ISTANBUL — Campaigners fighting to protect woodlands earmarked for coal-mining in southwest Turkey on Monday pledged to maintain their fight as tree-felling came to an end.
Locals have held a four-year vigil in Akbelen forest to hold off logging that paves the way for a lignite mine near the village of Ikizkoy in Mugla province.
Chainsaw teams that arrived to start felling trees a week ago have now finished their work, following violent confrontations between police dispatched to guard the operation and residents.
“They massacred our forest,” Nejla Isik, from the Ikizkoy Environment Committee, said at a meeting with lawyers reported by the Duvar newspaper.
“They destroyed our trees, which we have been protecting for four years, in eight days. As residents of Ikizkoy, we do not break our promise until the end. We will fight to the last drop.”
The protest at Akbelen is the latest stand-off in Turkey between environmentalists and developers uprooting green areas for mines, quarries and other projects.
Plans to turn Istanbul’s Gezi Park into a shopping mall and luxury flats led to a protest in 2013 that sparked nationwide demonstrations against the government of Recep Tayyip Erdogan, at the time Turkey’s prime minister and now its president.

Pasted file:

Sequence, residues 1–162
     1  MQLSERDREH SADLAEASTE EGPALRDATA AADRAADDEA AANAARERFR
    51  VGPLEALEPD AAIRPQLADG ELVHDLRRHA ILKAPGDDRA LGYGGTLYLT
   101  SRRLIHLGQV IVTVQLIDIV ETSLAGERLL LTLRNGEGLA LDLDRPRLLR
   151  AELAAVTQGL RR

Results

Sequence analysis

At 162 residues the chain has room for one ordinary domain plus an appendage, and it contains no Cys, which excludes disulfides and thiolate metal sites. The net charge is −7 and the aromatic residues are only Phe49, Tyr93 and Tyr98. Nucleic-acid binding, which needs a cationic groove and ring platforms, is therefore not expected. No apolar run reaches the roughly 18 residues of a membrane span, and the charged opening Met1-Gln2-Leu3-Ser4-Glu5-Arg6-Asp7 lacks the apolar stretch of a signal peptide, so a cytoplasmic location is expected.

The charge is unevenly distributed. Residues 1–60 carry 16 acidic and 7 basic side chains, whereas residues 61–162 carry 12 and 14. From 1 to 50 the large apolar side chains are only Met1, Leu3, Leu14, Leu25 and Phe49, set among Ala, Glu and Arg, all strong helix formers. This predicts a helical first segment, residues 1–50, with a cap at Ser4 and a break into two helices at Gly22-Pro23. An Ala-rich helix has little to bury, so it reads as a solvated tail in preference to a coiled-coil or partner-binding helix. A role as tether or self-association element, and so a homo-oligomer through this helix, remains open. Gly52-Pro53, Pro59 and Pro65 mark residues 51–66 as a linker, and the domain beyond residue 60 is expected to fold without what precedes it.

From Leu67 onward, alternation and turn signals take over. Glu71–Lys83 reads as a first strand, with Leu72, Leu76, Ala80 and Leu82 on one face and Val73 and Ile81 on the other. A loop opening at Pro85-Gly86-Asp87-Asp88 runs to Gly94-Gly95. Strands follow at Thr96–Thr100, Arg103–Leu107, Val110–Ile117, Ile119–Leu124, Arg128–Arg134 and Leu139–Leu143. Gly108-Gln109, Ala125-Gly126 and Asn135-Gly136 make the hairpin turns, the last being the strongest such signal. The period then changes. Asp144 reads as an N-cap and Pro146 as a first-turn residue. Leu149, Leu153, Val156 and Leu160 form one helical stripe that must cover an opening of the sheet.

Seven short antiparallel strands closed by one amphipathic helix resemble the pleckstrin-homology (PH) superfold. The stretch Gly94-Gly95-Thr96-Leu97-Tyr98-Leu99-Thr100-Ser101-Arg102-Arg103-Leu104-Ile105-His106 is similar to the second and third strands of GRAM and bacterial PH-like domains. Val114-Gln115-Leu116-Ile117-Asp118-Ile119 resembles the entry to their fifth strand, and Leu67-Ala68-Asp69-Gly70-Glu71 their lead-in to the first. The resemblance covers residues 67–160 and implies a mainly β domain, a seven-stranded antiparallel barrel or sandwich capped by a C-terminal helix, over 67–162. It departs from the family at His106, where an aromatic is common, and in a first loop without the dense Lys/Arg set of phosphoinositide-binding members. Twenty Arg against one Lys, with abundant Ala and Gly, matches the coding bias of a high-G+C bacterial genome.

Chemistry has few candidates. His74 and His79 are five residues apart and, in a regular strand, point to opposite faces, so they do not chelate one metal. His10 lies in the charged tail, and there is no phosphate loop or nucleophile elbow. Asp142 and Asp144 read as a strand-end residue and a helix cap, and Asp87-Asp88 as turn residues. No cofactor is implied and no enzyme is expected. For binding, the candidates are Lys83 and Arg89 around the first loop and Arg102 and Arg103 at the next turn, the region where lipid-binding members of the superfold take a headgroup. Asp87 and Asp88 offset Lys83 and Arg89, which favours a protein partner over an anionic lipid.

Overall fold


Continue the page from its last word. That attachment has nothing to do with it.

The office of Mugla’s governor announced Sunday that work to clear the forest had been completed while also condemning of “provocative, ugly and intentional attacks” on police during the process. The governor’s office said the area would be “rehabilitated” by planting 130,000 saplings.
Some 40 people were detained during the protests, according to a statement by the Gendarmerie General Command on Sunday. Those arrested had “attacked and resisted” law enforcement officers and face ongoing judicial proceedings, the statement added.
Protestors posted videos on social media showing the police using water cannons and pepper spray to prevent people entering the area.
The 740,000 square meter (183 acre) forest has been cleared to mine lignite, an inefficient fuel commonly known as brown coal, for two nearby thermal power plants run by IC Ictas Energy and Limak Energy, companies with close ties to the government.
Turkish rights groups described the battle to protect the forest as a “struggle against Turkey’s violation of its environmental obligations” under the United Nations Convention on Climate Change and the 2016 Paris Agreement.
“The attack on Akbelen forest is a severe intervention in the right of the local people … to live in a safe, clean, healthy, and sustainable environment,” groups including the Association for Monitoring Equal Rights and the Rights Initiative Association said in a joint statement.
According to a 2022 report by Climate Transparency, a Berlin-based climate action platform, Turkey generates 32% of its electricity from coal. Despite its goal of achieving net zero carbon emissions by 2053, it currently plans to increase coal-produced electricity by 20.4 gigawatts.